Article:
Thursday, July 30, 2009

Beautiful


Beautiful
is a stylised urban legend from first time writer/director Dean O’Flaherty. Borrowing from David Lynch and Alfred Hitchcock, with a dash of Desperate Housewives, O’Flaherty’s debut is an intriguing glimpse behind the idyllic façade of South Australian suburb, Summer Hill.

Reclusive 14-year-old Danny (Sebastian Gregory) turns detective when lured by his seductress neighbour Suzy (Tahyna Tozzi) to investigate the recent disappearances of neighbourhood girls. Danny’s talent for photography is both a source of titillation for the brazen Suzy as well as their key to uncover whether the tenants of the derelict number 46 are responsible for the missing girls. Hampering Danny’s efforts is the ghostly Jennifer (Asher Keddie); ever present at the front window of the creepy house, yet she also holds a clue to a much more personal mystery.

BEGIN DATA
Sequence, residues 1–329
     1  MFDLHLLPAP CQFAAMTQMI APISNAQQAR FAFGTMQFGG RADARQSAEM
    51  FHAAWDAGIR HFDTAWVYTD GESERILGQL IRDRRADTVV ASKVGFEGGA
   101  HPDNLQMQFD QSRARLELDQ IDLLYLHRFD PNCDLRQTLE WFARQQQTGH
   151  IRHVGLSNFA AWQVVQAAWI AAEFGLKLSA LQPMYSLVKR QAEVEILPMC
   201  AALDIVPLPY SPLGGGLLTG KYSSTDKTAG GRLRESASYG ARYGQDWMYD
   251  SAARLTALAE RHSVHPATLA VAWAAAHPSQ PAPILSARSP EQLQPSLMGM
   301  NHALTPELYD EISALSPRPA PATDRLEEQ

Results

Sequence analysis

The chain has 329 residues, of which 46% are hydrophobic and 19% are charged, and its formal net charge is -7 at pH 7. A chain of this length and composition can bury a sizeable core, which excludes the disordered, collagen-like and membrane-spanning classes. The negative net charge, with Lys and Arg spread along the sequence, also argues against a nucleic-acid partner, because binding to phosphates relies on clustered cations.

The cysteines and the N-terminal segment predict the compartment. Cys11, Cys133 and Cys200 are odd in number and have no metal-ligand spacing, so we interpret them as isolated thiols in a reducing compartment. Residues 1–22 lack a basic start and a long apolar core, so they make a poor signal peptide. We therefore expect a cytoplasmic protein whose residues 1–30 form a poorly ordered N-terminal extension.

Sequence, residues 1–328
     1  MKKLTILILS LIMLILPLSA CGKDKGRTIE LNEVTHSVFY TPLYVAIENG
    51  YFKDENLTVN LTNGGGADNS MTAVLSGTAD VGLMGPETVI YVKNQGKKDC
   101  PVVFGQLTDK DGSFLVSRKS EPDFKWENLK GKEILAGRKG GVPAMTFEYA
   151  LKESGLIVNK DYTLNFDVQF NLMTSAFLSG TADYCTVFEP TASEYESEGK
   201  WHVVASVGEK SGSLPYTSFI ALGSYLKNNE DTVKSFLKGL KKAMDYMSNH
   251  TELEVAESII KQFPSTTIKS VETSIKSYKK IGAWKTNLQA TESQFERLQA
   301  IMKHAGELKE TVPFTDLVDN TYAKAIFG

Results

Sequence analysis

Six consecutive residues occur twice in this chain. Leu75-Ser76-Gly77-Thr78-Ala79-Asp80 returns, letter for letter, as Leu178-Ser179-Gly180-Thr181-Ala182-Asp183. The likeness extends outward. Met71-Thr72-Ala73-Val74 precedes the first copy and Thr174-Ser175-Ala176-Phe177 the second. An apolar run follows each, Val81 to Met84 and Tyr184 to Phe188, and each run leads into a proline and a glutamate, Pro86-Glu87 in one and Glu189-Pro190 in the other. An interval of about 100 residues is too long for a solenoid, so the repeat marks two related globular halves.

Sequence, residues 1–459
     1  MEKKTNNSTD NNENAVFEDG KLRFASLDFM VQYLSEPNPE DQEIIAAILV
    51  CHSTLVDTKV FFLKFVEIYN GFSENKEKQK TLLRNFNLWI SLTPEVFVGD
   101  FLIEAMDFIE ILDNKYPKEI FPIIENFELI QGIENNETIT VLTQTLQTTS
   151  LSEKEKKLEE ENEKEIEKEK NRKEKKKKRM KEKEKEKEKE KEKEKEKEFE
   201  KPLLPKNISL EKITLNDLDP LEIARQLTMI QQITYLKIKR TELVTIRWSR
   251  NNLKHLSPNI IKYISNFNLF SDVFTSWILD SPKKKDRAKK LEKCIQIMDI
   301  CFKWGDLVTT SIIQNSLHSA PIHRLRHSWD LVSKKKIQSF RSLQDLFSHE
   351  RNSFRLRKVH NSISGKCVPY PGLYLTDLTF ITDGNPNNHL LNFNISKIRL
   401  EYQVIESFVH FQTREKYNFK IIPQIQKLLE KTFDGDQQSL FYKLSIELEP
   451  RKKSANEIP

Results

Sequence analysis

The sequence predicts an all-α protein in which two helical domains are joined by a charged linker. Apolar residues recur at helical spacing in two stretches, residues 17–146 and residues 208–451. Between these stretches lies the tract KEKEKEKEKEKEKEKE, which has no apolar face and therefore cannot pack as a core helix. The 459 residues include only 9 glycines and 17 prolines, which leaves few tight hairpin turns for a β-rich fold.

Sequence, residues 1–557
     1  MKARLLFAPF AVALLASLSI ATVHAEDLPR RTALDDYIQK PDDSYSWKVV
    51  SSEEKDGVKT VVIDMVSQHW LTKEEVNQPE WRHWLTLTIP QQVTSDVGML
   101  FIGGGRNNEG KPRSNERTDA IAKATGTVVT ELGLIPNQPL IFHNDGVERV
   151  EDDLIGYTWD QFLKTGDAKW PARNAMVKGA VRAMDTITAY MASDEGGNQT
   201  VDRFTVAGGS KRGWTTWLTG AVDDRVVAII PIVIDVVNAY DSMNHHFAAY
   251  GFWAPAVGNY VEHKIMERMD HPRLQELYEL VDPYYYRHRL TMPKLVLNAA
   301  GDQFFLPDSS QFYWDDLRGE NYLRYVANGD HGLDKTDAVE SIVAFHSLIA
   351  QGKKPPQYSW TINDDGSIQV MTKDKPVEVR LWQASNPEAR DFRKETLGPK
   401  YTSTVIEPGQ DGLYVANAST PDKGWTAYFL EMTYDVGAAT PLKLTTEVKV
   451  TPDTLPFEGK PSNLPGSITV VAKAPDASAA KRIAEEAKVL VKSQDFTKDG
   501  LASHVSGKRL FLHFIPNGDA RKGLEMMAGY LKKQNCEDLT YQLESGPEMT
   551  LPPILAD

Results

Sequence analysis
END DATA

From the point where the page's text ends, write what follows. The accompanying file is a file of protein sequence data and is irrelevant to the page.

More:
Visually, Beautiful lives up to its title. O’Flaherty has a confident and colourful aesthetic and is well able to turn the safe suburbia spooky. His atmospheric shots and stylised black and white crime montage also make great use of Paul Mac’s dramatic score, the theatricality of which evokes the playful suspense of a Grimm’s Fairytale.

However the film falters with the writing. O’Flaherty includes single shot scenes of clunky exposition and bookends the film with heavy-handed narration from a wasted Deborra-lee Furness. Aaron Jeffery as Danny’s father is similarly one-note, while Tozzi’s performance is more stiff than sultry. And though Gregory’s wide-eyed protagonist works well, the stand out performance is by Peta Wilson as Danny’s conflicted stepmother, Sherrie.

Beautiful succeeds in uncovering the seemier side of suburbia. And yet the film struggles between being a mere scary story, or something truer.

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This review also appeared in The Brag

Beautiful is now available to rent or buy on DVD.

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